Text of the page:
I had a very interesting fashion sense as a child, I loved to wear mismatched socks (to my mother’s frustration every laundry day), and bright colors and incompatible patterns also made a regular appearance. I also loved to wear what I called “pattern outfits,” which consisted of alternating colors from head to toe, for example a green headband, white sweater, green pants, white socks, all finished off with green shoes. I was truly a sight to see.
Because my parents let me make my own choices about what to wear, I had lots of opportunities to exert control over my life, even in small ways. And even if my mom and dad may not have appreciated my fashion forward style (I distinctly remember being told I looked like bruise when I wore my favorite black and purple outfit), they let me do it anyways.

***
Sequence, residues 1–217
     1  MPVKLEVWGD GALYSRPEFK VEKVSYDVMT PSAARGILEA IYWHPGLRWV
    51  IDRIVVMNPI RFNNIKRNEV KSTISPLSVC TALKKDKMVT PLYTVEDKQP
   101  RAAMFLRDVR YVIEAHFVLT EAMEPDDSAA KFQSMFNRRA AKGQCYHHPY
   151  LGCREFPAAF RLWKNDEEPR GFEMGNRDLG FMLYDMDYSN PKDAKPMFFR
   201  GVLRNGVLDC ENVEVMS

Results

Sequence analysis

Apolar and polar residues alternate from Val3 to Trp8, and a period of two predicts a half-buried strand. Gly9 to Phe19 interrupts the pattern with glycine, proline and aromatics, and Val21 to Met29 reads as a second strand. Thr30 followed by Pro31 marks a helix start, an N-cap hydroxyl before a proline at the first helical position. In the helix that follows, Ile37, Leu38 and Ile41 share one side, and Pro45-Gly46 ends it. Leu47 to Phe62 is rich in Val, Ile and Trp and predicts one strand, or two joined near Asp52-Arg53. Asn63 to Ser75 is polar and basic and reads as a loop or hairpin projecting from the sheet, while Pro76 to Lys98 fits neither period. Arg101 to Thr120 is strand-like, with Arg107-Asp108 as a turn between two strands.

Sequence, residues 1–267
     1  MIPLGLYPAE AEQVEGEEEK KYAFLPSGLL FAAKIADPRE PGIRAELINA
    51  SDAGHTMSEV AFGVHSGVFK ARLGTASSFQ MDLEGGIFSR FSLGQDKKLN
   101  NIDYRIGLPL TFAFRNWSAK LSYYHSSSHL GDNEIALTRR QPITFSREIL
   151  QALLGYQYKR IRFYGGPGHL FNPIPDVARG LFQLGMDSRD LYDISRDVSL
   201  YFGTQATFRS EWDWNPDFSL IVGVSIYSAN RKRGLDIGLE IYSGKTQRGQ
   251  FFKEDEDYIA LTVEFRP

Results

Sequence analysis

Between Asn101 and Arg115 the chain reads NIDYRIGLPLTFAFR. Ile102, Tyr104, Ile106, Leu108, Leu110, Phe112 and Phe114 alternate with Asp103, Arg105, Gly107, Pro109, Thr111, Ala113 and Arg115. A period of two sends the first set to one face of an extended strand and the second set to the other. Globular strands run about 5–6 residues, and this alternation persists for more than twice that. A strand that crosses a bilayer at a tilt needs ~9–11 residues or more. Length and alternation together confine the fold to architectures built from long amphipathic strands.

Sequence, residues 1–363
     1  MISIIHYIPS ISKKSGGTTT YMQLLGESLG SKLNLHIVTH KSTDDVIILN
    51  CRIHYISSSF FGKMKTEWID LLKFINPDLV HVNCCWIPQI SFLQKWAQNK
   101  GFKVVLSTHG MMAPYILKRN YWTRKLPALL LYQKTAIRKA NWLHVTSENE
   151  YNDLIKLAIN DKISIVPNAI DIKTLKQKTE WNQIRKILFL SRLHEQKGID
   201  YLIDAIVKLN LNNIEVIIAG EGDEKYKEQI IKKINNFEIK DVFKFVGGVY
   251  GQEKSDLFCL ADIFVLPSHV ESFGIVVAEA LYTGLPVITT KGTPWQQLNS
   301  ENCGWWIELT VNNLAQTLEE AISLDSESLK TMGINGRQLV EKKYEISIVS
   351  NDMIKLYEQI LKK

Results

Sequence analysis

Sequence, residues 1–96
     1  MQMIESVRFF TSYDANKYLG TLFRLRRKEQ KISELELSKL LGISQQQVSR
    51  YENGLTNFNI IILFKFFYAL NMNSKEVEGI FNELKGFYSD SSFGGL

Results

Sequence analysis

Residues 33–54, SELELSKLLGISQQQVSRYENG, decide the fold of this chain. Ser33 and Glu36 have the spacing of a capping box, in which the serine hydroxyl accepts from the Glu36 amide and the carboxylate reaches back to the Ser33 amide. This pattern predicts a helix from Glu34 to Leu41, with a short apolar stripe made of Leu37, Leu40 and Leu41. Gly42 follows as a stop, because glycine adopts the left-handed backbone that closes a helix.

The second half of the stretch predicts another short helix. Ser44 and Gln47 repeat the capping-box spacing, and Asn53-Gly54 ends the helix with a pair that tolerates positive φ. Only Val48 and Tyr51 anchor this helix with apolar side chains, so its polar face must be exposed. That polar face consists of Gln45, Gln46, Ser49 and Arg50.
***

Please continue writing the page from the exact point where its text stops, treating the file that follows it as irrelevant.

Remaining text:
Giving children choices encourages responsibility, allows them to explore the world through trial and error, lets them to express their independence or autonomy and helps teach them how to make good choices in the future. Some things will not be choices; children can’t decide whether they go to doctor or do their homework or go to bed. But when we trust children to make some decisions for themselves and we start small, we are guiding them in the process of learning how to make good choices.
My fashion sense may have calmed down a bit in my adult years, although I do like to wear opposing patterns every now and again and I still wear mismatched socks almost every day. My own unique style, is all thanks to my parents trusting me to make my own, daring choices.
Kylie Rymanowicz, Extension Educator
Michigan State University Extension